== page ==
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Anaum Riaz

Anaum Riaz discusses: Family Justice Council Interim Guidance on Special Guardianship

The Family Justice Council last week released its Interim Guidance on Special Guardianship, with the approval of Sir Andrew McFarlane, President of the Family Division, in response to recurring problem in the Family Court as to how to deal with Special Guardianship in light of the 26 week time limit, most recently identified in the case of Re P-S (Children) [2018] EWCA Civ 1407. The Interim Guidance addresses the question of what to do when an extension to the statutory 26-week time limit is sought in order to assess potential Special Guardians in public law proceedings.

Re P-S (Children) [2018] EWCA Civ 1407

Re P-S involved a first instance decision to grant final Care Orders, contrary to agreement of all parties that Special Guardianship Orders should be made in favour of the two children’s respective paternal grandparents. The Judge at first instance took issue with the fact that the children were not living with the proposed Special Guardians, due to them having been identified late in the proceedings. There was effectively no assessment of the proposed Special Guardians with the children in their care. The Special Guardians were not represented and were not parties to the proceedings. The Local Authority had invited the Court to make SGOs of its own motion, under section 14A(6)(b). The Judge made final Care Orders, intending them to be of short duration to test the placement, envisaging that SGO applications could be made later down the line.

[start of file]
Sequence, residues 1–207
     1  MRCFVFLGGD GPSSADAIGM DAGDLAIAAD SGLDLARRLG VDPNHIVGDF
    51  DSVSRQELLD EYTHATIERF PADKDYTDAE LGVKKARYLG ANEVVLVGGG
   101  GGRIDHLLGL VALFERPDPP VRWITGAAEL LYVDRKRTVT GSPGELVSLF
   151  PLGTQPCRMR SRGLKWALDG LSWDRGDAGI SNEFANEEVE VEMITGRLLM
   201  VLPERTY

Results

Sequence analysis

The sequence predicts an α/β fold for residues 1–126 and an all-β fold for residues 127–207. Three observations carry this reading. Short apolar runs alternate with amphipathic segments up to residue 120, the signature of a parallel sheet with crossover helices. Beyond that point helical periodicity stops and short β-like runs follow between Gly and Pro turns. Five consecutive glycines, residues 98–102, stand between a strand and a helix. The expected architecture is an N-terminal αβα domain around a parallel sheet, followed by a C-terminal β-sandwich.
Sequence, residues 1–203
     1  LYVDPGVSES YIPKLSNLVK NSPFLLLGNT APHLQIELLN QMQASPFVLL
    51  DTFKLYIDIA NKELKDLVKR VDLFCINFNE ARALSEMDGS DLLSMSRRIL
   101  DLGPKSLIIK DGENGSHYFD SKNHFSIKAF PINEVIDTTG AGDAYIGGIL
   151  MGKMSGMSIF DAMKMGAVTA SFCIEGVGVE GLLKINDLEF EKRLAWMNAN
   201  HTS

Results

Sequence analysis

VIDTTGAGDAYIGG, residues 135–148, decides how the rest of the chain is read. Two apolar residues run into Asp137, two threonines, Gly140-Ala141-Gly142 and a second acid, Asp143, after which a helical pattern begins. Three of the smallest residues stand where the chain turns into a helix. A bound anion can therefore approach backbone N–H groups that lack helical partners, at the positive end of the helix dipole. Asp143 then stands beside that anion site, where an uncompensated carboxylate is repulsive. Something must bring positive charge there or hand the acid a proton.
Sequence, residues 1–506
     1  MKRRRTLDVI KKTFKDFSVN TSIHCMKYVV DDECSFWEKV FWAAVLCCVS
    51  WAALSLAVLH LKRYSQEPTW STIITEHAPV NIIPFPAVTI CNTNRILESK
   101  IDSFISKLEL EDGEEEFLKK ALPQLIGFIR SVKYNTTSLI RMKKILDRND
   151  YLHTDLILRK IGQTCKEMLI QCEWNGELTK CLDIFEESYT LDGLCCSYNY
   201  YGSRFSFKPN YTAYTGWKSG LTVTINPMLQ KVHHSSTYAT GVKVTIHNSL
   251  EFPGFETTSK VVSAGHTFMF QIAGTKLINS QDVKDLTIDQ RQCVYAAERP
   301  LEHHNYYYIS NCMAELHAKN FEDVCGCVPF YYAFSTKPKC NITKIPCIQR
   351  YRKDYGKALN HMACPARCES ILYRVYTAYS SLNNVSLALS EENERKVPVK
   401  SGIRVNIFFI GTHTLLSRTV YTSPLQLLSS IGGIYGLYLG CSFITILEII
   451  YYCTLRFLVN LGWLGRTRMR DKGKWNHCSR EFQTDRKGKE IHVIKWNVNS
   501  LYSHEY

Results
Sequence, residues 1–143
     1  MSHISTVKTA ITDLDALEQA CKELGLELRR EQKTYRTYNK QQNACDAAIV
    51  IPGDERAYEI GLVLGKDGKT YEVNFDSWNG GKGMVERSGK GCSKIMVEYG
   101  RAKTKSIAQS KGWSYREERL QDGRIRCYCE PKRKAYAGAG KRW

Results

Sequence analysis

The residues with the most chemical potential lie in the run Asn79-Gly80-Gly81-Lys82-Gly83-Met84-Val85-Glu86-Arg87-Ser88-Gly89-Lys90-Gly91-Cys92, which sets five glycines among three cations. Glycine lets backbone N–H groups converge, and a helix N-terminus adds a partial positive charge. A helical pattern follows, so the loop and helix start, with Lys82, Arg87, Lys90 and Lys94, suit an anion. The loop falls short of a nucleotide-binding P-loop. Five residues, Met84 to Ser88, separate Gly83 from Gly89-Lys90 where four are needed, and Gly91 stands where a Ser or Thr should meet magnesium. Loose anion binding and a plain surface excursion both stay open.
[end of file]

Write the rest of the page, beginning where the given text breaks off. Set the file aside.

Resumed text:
The decision was appealed by the Association of Lawyers for Children. The appeal was successful and the Court of Appeal set aside Care Orders and substituted SGOS in favour of the paternal grandparents.

The judgement on appeal was given by Sir Ernest Ryder, although a short concurring judgement was given by Sir James Munby, the then President of the Family Division. The principles arising from the judgement can be summarised as follows:

  • The Court of Appeal emphasised the need to ensure that realistic placement options are identified at the start of proceedings to minimise any delay and avoid ‘firefighting’.
  • There were three options available to the Judge at first instance: (1) make SGOs, (2) make final Care Orders and (3) adjourn for further evidence/consideration and make ICOs. After considering the authorities in relation to delay ([23] – [27]), the Court of Appeal concluded (3) was likely to have been appropriate in this case.
  • “The concept of short term order is flawed” ([33]). The Court of Appeal criticised the concept of short term Care Orders and warned that there is no mechanism for a Care Order to be discharged on the happening of a fixed event or otherwise to be limited in time.
  • In relation to the Court making SGOs of its own motion, the Court of Appeal noted, “The residual power in the Court to consider making a Special Guardianship Order of its own motion in section 14A(6)(b) of the Act should not be the normal or default process because it avoids the protections that I have just referred to” [54]. Such residual power should only be used where it is in the interests of the child and the Court is able to have regard to the protections in sections 14 and 10 of the Children Act.
  • The Court concluded that it was wrong not to have made appropriate provision for the potential Special Guardians to obtain effective access to justice. They had no party status, no documents and no legal advice. The Court identified this amounted to procedural unfairness and could have been avoided by appropriate directions at previous hearings.

Sir James Munby, in his judgement, considered the question: What is the Court to do when the prospective Special Guardian is identified late in the day? He went on to confirm the principles in Re S (Parenting Assessment) [2014] 2 FLR 575: